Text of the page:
The influence and insight of my  of my teachers, along with the freedoms they gave me, had much to do with the reader I am, with person I am, today. They provided me the “glorious luxury of falling in love with books” – as you can see in the bookmark above, my tribute to them. I was never much of a real dancer, but metaphorically speaking – as a reader – I dance each day with wild abandon and absolute joy.

Reflect: Who helped you fall in love with reading? Write about this experience – and if these people are still living, write to thank them for their great gift to you. If you teach: How can you better provide “the glorious luxury of falling in love with books” for your students?

My Patronus

As a headmistress and co-founder of my school’s Harry Potter Club, I was recently admonished to take the Pottermore Patronus quiz, as all other Patronus quizzes are essentially heresy. I approached the task with a bit of trepidation, having heard of people attaining aardvarks and the like.

For the non-Potterite: The Patronus charm produces a silvery animal guardian, usually representative of the individual casting it.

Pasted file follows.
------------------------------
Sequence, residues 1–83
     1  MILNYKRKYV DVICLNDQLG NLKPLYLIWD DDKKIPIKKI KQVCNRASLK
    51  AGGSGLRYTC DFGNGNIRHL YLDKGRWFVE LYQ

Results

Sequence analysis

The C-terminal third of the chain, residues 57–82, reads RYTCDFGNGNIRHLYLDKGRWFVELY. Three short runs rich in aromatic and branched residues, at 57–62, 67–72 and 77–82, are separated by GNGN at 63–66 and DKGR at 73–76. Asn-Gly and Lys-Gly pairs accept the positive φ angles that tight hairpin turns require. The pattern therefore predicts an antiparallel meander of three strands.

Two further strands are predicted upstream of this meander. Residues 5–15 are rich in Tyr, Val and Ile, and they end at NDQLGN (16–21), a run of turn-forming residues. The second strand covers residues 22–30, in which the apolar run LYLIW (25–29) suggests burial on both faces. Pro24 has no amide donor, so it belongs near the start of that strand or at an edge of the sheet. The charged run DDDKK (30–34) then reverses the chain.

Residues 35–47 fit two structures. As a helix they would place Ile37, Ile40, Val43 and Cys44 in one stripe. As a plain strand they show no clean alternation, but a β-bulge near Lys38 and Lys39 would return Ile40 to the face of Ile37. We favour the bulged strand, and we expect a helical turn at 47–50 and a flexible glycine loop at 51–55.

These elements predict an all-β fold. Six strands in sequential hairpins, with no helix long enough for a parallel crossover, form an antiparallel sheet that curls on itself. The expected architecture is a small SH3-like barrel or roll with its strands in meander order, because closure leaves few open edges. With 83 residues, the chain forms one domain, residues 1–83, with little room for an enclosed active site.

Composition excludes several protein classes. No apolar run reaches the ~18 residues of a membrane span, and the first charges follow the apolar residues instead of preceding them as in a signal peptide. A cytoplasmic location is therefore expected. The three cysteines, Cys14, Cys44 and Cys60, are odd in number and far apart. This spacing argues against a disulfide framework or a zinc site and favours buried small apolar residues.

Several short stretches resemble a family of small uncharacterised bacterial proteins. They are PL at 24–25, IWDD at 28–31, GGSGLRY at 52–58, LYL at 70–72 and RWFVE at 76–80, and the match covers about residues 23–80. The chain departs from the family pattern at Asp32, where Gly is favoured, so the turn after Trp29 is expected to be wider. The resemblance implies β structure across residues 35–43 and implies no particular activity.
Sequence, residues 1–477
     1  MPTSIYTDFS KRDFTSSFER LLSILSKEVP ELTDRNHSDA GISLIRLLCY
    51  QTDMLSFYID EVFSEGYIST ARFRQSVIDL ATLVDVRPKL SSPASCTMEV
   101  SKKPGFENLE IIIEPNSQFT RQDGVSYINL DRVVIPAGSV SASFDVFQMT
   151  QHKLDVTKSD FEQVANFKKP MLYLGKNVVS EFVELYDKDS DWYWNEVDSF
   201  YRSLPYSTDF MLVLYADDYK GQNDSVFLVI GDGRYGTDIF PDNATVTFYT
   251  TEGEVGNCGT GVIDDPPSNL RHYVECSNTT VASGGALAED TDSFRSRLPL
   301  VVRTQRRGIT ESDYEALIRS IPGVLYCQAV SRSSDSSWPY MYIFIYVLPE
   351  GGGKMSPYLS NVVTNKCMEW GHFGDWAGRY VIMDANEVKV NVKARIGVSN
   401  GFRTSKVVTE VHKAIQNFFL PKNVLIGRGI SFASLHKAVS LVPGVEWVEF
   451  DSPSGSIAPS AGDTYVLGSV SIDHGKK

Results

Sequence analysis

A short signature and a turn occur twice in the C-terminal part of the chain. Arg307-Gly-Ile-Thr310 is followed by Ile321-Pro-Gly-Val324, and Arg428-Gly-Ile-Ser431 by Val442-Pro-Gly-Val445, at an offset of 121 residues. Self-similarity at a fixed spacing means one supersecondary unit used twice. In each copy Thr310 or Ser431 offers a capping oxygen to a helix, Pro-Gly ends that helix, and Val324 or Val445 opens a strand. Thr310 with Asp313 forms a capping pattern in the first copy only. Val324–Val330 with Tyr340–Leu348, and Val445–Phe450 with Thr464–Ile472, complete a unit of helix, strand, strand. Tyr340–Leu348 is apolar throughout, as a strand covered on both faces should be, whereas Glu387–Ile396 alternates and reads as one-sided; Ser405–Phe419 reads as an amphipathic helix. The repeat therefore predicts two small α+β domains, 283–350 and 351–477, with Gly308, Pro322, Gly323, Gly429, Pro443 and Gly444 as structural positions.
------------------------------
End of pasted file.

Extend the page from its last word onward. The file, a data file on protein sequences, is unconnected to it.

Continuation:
Being a fantasy fan since childhood, and considering my headmistress role, it was necessary: I plunged into the virtual dark forest to seek my symbolic protector. On the site, ghostly words appear in groups of three amongst the trees; the seeker chooses one and is moved onto the next set. At one point in this quest, when I paused too long, the words evaporated with a reprimand: “You are too slow. This game requires quick reflexes.” Silently chiding myself for overthinking simple word choices, certain that this blunder would land me with an armadillo or caterpillar, I picked up my pace. At last, in the ominous forest, a silvery shape materialized.